Supporters of Catalonia’s independence take part in a protest to mark the second anniversary of the October 1st illegal referendum of independence in Barcelona, Spain. Separatists say national authorities are trying to manufacture “a violent narrative” in the movement. Barcelona is under pressure again.
Last Monday, police arrested seven members of the Catalan independence movement. They are suspected of preparing violent attacks were charged with belonging to a “terrorist organisation”, manufacturing explosives and conspiring to wreak havoc.
Torra said that by arresting the seven alleged terrorists, authorities were trying to “establish a violent narrative ahead of the verdict” on the 12 separatists on trial.
Catalan Parliament session ends in chaos after arrested activists denied bail.
The use of violence during the 2017 crisis has been at the heart of the case against them because it is a key element of the charge of rebellion that they are facing, which carries a very heavy penalty.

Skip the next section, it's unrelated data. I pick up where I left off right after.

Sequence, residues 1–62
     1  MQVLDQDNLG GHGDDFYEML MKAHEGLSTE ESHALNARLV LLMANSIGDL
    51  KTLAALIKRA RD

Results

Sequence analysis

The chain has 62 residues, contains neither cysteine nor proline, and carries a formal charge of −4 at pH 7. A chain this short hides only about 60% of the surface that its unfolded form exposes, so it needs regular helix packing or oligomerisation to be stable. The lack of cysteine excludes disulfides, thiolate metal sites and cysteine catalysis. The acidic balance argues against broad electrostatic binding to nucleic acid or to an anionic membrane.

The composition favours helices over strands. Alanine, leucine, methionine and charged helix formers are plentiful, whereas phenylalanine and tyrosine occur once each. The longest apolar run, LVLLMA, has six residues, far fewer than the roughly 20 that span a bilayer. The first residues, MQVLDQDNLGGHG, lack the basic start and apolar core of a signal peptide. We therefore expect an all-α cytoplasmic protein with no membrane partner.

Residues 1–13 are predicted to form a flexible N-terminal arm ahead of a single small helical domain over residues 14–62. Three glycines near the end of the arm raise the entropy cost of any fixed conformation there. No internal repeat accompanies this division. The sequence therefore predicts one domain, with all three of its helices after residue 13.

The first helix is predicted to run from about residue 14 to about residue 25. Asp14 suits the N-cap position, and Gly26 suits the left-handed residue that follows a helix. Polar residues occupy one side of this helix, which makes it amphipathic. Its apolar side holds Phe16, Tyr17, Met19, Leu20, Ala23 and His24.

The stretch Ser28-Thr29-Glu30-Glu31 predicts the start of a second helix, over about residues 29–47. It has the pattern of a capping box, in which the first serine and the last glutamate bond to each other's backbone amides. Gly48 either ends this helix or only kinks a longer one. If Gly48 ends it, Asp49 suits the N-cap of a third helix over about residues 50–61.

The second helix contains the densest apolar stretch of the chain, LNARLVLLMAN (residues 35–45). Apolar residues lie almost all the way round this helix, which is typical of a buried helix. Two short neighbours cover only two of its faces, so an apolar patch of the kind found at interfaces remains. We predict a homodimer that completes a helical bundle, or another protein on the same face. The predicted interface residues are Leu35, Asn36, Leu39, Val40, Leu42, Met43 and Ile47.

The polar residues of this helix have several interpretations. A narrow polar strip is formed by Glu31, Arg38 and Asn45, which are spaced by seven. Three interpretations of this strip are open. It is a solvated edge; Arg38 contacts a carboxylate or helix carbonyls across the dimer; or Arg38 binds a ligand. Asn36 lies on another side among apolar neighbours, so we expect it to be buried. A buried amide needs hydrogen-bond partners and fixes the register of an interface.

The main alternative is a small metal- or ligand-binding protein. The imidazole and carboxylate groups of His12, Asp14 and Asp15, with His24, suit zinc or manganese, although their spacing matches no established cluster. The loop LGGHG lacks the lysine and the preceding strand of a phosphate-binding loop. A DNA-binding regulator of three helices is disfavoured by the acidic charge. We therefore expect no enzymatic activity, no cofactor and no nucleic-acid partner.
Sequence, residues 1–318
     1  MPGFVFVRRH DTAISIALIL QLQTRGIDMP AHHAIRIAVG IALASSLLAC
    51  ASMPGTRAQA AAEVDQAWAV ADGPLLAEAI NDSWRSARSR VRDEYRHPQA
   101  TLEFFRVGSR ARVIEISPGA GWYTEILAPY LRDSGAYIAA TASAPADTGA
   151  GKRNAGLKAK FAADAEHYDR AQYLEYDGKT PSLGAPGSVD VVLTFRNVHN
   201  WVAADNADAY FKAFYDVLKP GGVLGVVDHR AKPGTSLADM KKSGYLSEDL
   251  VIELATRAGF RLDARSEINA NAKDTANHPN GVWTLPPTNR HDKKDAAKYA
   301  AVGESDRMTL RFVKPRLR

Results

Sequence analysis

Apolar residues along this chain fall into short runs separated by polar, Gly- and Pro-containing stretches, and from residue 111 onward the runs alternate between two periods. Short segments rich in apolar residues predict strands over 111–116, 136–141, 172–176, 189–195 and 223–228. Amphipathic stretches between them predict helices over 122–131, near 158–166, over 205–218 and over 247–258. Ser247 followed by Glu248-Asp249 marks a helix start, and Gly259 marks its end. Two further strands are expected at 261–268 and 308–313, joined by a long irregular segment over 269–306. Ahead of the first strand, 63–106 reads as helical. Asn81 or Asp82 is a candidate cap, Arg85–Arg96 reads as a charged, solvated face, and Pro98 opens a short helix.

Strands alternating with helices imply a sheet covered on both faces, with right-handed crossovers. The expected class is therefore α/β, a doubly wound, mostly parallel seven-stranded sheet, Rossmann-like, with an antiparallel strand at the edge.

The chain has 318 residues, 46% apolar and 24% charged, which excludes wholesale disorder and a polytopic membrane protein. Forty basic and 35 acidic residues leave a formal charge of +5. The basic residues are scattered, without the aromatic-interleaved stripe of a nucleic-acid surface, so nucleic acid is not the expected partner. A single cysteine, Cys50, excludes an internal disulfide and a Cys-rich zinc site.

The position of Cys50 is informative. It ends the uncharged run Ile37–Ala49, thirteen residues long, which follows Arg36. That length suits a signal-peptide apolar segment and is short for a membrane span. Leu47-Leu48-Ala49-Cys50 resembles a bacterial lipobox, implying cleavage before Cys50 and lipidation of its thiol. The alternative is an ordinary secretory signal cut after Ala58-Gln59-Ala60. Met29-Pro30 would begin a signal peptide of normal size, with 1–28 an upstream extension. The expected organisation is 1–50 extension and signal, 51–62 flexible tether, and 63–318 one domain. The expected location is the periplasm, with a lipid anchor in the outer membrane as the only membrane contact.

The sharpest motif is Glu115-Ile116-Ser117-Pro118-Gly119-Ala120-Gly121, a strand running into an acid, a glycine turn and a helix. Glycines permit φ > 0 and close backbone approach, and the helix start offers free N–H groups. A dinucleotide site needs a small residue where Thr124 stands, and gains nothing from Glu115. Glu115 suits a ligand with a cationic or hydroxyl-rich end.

The separatists have always stressed the peaceful nature of their movement.
Should Catalonia be independent?
A poll published in July by a public Catalan institute showed support for an independent Catalonia at its lowest level in two years, with 48.3% of people against and 44% in favour.
Assemblea Nacional Catalana, the grassroots organization behind Wednesday’s march, said the lack of a clear separatist road-map could be to blame at a time when pro-independence parties are divided on what to do next.
Prime Minister Pedro Sanchez warns
El problema de Cataluña no es la independencia, es la convivencia.
La firmeza democrática en la defensa de la Constitución y el Estatuto de Cataluña, la unidad de las fuerzas políticas y la proporcionalidad son los principios que guiarán la acción del Gobierno.#SánchezenlaSERpic.twitter.com/XEb70FoGzE